Payment Program for Rural Health Clinics Buprenorphine-Trained Providers. In June 2021, the Health Resources & Services Administration (HRSA) launched an effort to improve access to medications for opioid use disorder treatment by paying for providers who are waivered to prescribe buprenorphine, a medication used to treat opioid use disorder. Rural Health Clinics (RHCs) still have the opportunity to apply for a $3,000 payment on behalf of each provider who trained to obtain the waiver necessary to prescribe buprenorphine after January 1, 2019. Approximately $1.2 million in program funding remains available for RHCs and will be paid on a first-come, first-served basis until funds are exhausted. Information and registration for free waiver training is available. Please contact with any questions.

Several federal laws and regulations permit physicians and other medical personnel to administer medications approved by the Food and Drug Administration (FDA) for the treatment of opioid use disorders (OUD) under special circumstances without a buprenorphine waiver. Learn about these special circumstances.

In addition, buprenorphine is also administered at SAMHSA-certified opioid treatment programs (OTPs). Find a SAMHSA-certified OTP in your local area.

How Buprenorphine Works

Buprenorphine is an opioid partial agonist. It produces effects such as euphoria or respiratory depression at low to moderate doses. With buprenorphine, however, these effects are weaker than full opioid agonists such as methadone and heroin.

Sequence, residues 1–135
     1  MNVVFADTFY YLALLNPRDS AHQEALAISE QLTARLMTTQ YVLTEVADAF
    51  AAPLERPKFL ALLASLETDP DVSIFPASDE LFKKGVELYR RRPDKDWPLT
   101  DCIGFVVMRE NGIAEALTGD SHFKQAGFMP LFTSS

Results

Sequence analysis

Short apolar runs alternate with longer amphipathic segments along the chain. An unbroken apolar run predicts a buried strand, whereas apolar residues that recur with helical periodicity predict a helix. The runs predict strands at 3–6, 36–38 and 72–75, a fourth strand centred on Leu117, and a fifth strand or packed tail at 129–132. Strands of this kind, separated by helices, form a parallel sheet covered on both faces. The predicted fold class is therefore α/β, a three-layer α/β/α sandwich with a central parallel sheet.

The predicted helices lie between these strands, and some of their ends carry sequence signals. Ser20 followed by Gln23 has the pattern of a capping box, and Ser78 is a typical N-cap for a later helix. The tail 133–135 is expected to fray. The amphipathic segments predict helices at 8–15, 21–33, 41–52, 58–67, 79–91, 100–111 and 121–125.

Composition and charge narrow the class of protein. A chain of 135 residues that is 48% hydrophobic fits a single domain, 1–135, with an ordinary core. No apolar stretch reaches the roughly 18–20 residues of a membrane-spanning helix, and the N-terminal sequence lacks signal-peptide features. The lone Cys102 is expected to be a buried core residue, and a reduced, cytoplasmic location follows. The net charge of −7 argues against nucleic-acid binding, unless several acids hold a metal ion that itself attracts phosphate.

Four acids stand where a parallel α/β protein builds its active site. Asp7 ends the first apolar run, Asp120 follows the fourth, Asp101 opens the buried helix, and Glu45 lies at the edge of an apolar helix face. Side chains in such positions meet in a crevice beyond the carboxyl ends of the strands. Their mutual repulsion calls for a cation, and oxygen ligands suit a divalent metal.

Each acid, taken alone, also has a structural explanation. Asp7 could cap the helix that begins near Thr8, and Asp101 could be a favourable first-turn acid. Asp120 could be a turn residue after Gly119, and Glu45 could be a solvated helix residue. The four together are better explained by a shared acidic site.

When taken as prescribed, buprenorphine is safe and effective. Buprenorphine has unique pharmacological properties that help:

  • Diminish the effects of physical dependency to opioids, such as withdrawal symptoms and cravings
  • Increase safety in cases of overdose
  • Lower the potential for misuse

Buprenorphine for Opioid Use Disorder

  • To begin treatment, an OUD patient must abstain from using opioids for at least 12 to 24 hours and be in the early stages of opioid withdrawal. Patents with opioids in their bloodstream or who are not in the early stages of withdrawal, may experience acute withdrawal.
  • After a patient has discontinued or greatly reduced their opioid use, no longer has cravings, and is experiencing few, if any, side effects, if needed, the dose of buprenorphine may be adjusted. Due to the long-acting agent of buprenorphine, once patients are stabilized, it may be possible to switch from every day to alternate-day dosing.
  • The length of time a patient receives buprenorphine is tailored to meet the needs of each patient, and in some cases, treatment can be indefinite. To prevent possible relapse, individuals can engage in on-going treatment—with or without MAT.

Before Starting Buprenorphine

Patients diagnosed with an OUD should talk to their health care practitioner before starting treatment with buprenorphine to fully understand the medication and other available treatment options.

Common and Serious Side Effects of Buprenorphine

These are not all the side effects of buprenorphine. For more information patients should talk to their health care practitioner or pharmacist. Patients should tell their health care practitioner about any side effects that are bothersome, or do not go away.

Patients and practitioners are encouraged to report all side effects online to MEDWatch, FDA’s medical product safety reporting program for health care professionals, patients, and consumers or by calling 1-800-FDA-1088.

Common side effects of buprenorphine include: Serious side effects of buprenorphine include:
  • Constipation, headache, nausea, and vomiting
  • Respiratory distress
  • Dizziness
  • Overdose
  • Drowsiness and fatigue
  • Adrenal insufficiency
  • Sweating
  • Dependence
  • Dry mouth
  • Withdrawal
  • Tooth decay
  • Itching, pain, swelling, and nerve damage (implant)
  • Muscle aches and cramps
  • Pain at injection site (injection)
  • Inability to sleep
  • Neonatal abstinence syndrome (in newborns)
  • Fever
  • Blurred vision or dilated pupils
  • Tremors
  • Palpitations
  • Disturbance in attention